Positive test percentages steady, expert says spread likely unchanged
JOHNSON CITY, Tenn. (WJHL) – An encouraging-looking decline in new Northeast Tennessee COVID cases is more than offset by a steep drop in the total number of tests reported over the past week — making it unlikely any significant drop in actual cases has occurred.
One local expert said the virus’s actual community spread likely remains as high as it was at its reported peak 10 days ago and people should assume the community spread rate is unchanged from mid-December.
“There’s really nothing at this point to make us feel that there’s any significant downward turn in anything,” ETSU Health Chief Medical Officer Dr. Sheri Holmes said Tuesday. “If anything we’re looking at probable increased numbers over the next few weeks.”
From Dec. 22-28, Tennessee Department of Health (TDH) reported only 8,698 tests in the seven counties of Northeast Tennessee. That was down 55% from 19,404 the week ended Dec. 21.
The seven-day average rate of new daily COVID cases per 100,000 population in seven Northeast Tennessee counties was 123.2 Dec. 21, just below its high set two days earlier. On Dec. 28 it was 66.1 — a 46% drop from a week earlier and its lowest level since Nov. 29.
The less-volatile 14-day rate also declined, from 117.7 Dec. 21 to 94.6 Dec. 28.
The region’s test positivity rate, though, actually increased from 20.1% the week of Dec. 15-21 to 21.3% the week of Dec. 22-28.
The 8,698 total is the lowest weekly total going back to mid-November, including the week of Thanksgiving.
Holmes said the holiday closure of testing sites probably explains some but not all of the decrease.
“People are busy with holidays, so even people that might have been interested in testing probably delayed.”
The better indicator for the virus’s trajectory is the reported number of hospitalizations and deaths. If those don’t show a steep decline over the next couple weeks, that will indicate the true number of new cases was higher in late December than testing showed.
“There was a slight decrease in hospitalizations over a couple days but those numbers are back above 300,” Holmes said, referring to the daily census of COVID patients in Ballad Health hospitals. That stood at 328 Tuesday, near its pandemic high of 335.
Ballad also reported its highest number of COVID patients in intensive care to date Tuesday — 77. And Holmes said the region’s population-adjusted rates of hospitalization and deaths compare unfavorably with the state and the country.
“When you look at your total percentage as far as the number of occurrences per 100,000 those numbers in context with the rest of the nation are very frightening.”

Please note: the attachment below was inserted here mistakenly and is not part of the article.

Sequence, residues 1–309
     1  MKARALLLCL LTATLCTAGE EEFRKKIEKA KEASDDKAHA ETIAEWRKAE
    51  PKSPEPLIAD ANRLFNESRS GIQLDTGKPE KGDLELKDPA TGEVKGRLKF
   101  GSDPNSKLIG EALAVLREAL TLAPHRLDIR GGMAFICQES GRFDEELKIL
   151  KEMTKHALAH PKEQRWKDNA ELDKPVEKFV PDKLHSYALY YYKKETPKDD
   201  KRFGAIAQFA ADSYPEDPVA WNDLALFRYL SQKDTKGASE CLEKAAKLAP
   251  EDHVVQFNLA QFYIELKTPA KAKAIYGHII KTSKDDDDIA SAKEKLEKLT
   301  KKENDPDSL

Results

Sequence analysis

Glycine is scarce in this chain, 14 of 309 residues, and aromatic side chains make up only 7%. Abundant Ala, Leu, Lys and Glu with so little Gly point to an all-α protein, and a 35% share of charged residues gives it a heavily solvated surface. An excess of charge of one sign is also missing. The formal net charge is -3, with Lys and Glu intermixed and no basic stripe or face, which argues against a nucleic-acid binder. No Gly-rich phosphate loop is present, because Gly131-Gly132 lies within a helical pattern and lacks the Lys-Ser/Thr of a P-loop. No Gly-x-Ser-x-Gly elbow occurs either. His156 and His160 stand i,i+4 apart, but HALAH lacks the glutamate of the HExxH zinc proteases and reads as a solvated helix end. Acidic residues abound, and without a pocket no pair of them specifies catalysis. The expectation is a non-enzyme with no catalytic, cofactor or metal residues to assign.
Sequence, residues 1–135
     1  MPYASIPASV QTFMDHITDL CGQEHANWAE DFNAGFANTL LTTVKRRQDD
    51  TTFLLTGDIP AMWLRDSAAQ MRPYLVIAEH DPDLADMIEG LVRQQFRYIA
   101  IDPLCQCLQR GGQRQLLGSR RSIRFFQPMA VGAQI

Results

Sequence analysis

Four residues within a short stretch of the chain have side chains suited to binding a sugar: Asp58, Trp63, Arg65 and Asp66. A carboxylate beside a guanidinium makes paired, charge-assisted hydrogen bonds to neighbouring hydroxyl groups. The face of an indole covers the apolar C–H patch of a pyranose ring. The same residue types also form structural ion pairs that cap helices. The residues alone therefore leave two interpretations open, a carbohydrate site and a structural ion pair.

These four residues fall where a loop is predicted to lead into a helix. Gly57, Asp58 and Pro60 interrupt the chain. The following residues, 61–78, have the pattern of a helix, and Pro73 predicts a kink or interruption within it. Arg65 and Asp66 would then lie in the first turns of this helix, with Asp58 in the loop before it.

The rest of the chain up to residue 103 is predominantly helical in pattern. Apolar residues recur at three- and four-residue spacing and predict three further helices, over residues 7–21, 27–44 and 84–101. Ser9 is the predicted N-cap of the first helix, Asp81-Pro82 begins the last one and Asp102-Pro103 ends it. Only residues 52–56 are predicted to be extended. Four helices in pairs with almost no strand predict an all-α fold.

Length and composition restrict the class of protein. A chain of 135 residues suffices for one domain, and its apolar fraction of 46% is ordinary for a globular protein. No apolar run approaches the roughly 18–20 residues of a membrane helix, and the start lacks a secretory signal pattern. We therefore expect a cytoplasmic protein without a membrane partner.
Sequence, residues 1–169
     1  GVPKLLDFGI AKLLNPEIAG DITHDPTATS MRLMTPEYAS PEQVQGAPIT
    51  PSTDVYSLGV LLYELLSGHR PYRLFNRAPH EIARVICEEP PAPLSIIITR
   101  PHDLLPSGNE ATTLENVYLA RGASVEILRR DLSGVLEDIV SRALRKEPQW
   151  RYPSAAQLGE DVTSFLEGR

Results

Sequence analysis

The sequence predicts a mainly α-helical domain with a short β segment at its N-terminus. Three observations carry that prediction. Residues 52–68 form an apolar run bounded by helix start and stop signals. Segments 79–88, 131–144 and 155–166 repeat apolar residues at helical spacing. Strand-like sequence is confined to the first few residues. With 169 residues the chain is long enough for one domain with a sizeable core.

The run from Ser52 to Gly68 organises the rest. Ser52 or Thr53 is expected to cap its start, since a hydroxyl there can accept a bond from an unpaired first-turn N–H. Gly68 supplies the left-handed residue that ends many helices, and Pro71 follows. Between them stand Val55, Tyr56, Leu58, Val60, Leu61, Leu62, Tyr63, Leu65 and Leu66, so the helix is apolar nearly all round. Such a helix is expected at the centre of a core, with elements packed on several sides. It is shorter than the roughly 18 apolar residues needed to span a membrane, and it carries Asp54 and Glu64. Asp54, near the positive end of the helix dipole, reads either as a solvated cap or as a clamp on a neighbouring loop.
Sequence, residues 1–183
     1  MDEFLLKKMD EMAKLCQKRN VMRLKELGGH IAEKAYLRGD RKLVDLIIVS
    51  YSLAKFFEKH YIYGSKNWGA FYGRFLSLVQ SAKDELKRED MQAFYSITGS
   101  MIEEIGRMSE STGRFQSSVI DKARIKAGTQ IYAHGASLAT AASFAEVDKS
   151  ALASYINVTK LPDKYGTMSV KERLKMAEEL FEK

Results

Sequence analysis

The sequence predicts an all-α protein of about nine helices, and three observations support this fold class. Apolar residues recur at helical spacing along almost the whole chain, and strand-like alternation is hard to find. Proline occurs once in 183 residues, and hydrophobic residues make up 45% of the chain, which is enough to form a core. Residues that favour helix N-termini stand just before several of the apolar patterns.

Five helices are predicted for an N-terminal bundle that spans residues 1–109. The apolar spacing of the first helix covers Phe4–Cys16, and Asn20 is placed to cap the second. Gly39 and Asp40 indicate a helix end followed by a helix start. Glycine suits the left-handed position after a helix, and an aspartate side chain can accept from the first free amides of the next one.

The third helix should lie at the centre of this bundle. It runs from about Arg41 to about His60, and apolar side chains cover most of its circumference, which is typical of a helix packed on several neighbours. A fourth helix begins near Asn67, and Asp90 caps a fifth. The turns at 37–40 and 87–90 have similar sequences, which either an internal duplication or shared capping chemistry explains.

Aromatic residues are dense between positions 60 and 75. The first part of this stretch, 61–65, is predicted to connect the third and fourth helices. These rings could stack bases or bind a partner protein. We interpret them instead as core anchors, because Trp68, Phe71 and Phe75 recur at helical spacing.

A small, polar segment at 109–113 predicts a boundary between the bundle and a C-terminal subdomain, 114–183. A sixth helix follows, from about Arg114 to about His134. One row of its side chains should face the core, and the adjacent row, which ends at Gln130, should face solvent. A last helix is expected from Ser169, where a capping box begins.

Data from TDH and the CDC bear that out. Even though the region suffered minimally in the spring, its population-adjusted death rates have exceeded the state’s since August.
As of Tuesday, Northeast Tennessee’s death rate per 100,000 population over the entire pandemic stood at 125 — 30% higher than Tennessee’s rate of 96 and 25% above the national rate of 100.
Region has higher positivity rates, lower testing participation compared to state
As it has throughout most of the pandemic, Northeast Tennessee continues to record fewer tests per capita than the state as a whole. At the same time, the region’s percentage of positive results among those who are tested has run higher than the state’s positivity rate each week of December.
The region’s weekly positivity rate has stayed pretty consistent in December, with a low of 20.1% the week ending Dec. 21 and a high of 22.1% the week ending Dec. 7.
That compares to a state low of 15.1% the week ending Dec. 14 and a high of 18.4% in the week ending Dec. 28.
For the entire month through Monday, the region’s positivity rate of 21.2% was well above the state rate of 17.1%.
Tests completed per 1,000 residents over the entire month were 145.5 statewide but just 110.2 across the region.
Holmes suspects people are focusing more on the rollout of vaccinations and may be less likely to get tested then they should be. Widespread positive results from the vaccine are likely weeks if not months away.
She encouraged people to get tested if they’ve been exposed or have any symptoms. And she said the rate of community spread can decrease significantly even before widespread vaccination produces results.
“There’s a large amount of this that can be controlled by mask-wearing, social distancing and hand washing,” Holmes said.
“I understand everyone’s fatigued with the pandemic and with COVID, but just because there is a glimmer of hope or some light at the end of the tunnel that doesn’t mean we let our guard down … because that’s when we’re going to reach our darkest hours if we’re not careful.”